Climate Change

An increasing number of studies have shown that biofuels derived from agricultural crops propose a false solution to the climate crisis and have created an unprecedented rush for land threatening land rights and food security globally.

The Facts

The current development landscape is dominated by Green Revolution ideals—improved or genetically modified seeds used in capital-intensive large-scale agriculture schemes with a prominent role for pesticides and fertilizers. Rather than contributing to food security and sovereignty, these efforts lead to large tracts of monoculture that prioritize export crops, require increased mechanization, and depend on multinationals for chemicals and seeds.

Agro-ecology provides another path. It encompasses a wide-variety of practices, which are coherent with key principles of environment preservation, social fairness, and economic viability. Agroecology combines parameters of sound ecological management, like minimizing the use of toxics by using on-farm renewable resources and privileging endogenous solutions to manage pests and disease, with an approach that upholds and secures farmers' livelihoods. Agro-ecological systems like the Rice Intensification implemented along the Niger River in Mali, can double small farmers’ agricultural output. Supporting smallholder farmers, who already produce over 80 percent of the food consumed in many developing regions, is the quickest way to lift over one billion people out of poverty.

Adhering to a high investigative standard with consideration of local impact and international trends, The Oakland Institute documents and advocates for agro-ecological farming methods that empower local producers.

The Institute’s thirty-three case studies released in 2015 shed light on the tremendous success of agroecological agriculture across the African continent. They demonstrate with facts and figures how an agricultural transformation respectful of the farmers and their environment can yield immense economic, social, and food security benefits while also fighting climate change and restoring soils and the environment.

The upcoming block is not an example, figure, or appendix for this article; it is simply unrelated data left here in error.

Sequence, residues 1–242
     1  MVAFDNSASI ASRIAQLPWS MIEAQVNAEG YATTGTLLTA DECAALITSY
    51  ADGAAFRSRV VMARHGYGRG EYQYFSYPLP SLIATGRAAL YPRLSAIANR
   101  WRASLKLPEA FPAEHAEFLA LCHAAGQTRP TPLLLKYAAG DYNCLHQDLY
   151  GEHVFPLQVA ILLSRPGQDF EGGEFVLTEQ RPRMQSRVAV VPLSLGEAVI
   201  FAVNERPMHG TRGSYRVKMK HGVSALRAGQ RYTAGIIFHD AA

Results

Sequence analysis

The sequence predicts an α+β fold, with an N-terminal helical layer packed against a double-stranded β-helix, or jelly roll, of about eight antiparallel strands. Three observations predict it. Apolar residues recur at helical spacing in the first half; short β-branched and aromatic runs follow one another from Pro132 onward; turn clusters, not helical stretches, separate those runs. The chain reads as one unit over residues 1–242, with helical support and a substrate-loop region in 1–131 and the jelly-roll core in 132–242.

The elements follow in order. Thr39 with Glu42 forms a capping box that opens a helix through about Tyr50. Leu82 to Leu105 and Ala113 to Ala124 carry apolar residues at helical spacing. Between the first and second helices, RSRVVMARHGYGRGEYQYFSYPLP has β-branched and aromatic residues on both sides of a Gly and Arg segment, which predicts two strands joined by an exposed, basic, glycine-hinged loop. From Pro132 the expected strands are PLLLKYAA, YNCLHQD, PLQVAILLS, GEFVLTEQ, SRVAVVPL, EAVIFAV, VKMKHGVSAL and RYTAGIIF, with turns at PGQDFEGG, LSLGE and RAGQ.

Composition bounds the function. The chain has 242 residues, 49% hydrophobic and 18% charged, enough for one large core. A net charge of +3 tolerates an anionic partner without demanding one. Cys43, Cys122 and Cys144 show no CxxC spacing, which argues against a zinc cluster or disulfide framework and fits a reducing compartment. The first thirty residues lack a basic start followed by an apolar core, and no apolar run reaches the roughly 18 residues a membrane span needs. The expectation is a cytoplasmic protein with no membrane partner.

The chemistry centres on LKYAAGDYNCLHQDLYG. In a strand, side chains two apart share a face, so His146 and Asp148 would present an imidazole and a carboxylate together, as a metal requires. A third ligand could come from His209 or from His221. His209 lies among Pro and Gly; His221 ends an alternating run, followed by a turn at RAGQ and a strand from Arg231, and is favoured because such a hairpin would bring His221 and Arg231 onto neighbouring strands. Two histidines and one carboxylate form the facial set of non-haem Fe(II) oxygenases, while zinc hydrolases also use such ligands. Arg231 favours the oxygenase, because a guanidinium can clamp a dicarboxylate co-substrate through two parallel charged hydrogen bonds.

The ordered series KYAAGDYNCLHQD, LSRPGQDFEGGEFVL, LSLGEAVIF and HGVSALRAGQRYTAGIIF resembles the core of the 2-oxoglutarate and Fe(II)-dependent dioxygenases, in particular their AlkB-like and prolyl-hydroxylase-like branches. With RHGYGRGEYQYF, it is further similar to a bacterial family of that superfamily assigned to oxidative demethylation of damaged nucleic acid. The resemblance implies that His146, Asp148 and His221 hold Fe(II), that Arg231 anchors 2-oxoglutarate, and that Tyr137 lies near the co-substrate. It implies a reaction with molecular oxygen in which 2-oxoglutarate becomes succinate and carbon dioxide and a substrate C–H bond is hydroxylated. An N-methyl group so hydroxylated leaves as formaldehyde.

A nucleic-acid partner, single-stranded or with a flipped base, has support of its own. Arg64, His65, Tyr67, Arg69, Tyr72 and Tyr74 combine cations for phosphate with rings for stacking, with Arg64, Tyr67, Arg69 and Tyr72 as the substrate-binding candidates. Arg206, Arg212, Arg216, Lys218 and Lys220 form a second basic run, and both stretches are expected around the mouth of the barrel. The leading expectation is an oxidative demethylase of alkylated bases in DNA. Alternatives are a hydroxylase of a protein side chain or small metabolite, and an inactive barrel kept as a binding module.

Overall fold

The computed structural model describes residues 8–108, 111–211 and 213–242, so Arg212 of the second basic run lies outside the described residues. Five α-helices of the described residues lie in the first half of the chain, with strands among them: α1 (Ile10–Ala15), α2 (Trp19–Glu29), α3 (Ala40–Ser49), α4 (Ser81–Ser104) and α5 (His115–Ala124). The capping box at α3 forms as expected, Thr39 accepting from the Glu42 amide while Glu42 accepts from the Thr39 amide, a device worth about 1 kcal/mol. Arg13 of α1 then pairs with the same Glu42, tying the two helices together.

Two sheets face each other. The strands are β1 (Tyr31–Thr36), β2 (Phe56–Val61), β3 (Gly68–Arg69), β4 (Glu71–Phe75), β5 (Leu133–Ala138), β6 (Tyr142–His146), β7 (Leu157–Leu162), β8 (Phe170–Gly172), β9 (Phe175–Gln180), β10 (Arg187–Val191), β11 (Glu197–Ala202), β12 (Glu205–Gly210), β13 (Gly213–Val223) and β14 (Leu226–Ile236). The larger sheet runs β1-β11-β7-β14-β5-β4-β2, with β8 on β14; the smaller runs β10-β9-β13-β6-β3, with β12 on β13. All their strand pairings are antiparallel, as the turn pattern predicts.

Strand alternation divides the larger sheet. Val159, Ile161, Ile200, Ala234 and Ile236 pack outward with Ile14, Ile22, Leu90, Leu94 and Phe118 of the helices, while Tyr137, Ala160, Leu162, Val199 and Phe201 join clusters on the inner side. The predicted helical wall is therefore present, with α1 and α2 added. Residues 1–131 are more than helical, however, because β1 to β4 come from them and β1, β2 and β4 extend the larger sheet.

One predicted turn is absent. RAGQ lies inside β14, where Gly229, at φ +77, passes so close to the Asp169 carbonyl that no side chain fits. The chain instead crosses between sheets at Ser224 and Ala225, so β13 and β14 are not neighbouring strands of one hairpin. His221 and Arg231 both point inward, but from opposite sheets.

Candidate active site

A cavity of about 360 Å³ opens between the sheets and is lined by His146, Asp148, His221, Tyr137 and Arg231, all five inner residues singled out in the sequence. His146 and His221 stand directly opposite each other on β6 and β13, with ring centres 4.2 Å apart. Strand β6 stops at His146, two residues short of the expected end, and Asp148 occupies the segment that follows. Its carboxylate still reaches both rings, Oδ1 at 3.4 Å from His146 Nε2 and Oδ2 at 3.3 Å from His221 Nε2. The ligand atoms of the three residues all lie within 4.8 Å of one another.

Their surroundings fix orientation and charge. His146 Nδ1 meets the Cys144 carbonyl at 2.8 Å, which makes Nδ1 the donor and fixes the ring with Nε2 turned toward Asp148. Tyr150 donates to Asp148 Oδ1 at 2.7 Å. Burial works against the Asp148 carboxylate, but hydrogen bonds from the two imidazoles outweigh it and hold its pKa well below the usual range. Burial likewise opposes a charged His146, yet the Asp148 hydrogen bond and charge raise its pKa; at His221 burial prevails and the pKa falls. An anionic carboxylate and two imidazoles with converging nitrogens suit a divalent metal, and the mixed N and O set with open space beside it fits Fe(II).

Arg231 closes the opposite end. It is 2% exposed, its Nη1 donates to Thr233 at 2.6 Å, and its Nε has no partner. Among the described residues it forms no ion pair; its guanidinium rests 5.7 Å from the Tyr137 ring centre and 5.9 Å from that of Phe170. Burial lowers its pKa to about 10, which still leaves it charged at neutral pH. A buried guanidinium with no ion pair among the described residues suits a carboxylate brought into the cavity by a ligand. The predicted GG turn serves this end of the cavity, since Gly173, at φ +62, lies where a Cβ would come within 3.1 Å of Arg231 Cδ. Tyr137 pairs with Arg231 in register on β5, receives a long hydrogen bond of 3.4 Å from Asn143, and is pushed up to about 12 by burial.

7 Western-based multinationals control over 70% of global industrial seed sales.

79%—average crop yield increases based on a review conducted by the FAO in 57 low-income countries when factoring efficient use of water, reduced use of pesticides, and improvements in soil health.

Sustainable agriculture improves food supply, nutrition, and livelihoods in LDCs based on research by the UN and numerous other bodies.

Increased yields by 116% with a shift toward organic agriculture production i based on a UNEP-UNCTAD analysis of 114 cases in Africathat.

$192 million—estimated annual value gained from ecosystem services if half of the arable area under conventional farming is shifted to organic.

The current development landscape is dominated by Green Revolution ideals—improved or genetically modified seeds used in capital-intensive large-scale agriculture schemes with a prominent role for pesticides and fertilizers. Rather than contributing to food security and sovereignty, these efforts lead to large tracts of monoculture that prioritize export crops, require increased mechanization, and depend on multinationals for chemicals and seeds.

Agro-ecology provides another path. It encompasses a wide-variety of practices, which are coherent with key principles of environment preservation, social fairness, and economic viability. Agroecology combines parameters of sound ecological management, like minimizing the use of toxics by using on-farm renewable resources and privileging endogenous solutions to manage pests and disease, with an approach that upholds and secures farmers' livelihoods. Agro-ecological systems like the Rice Intensification implemented along the Niger River in Mali, can double small farmers’ agricultural output. Supporting smallholder farmers, who already produce over 80 percent of the food consumed in many developing regions, is the quickest way to lift over one billion people out of poverty.

Adhering to a high investigative standard with consideration of local impact and international trends, The Oakland Institute documents and advocates for agro-ecological farming methods that empower local producers.

The Institute’s thirty-three case studies released in 2015 shed light on the tremendous success of agroecological agriculture across the African continent. They demonstrate with facts and figures how an agricultural transformation respectful of the farmers and their environment can yield immense economic, social, and food security benefits while also fighting climate change and restoring soils and the environment.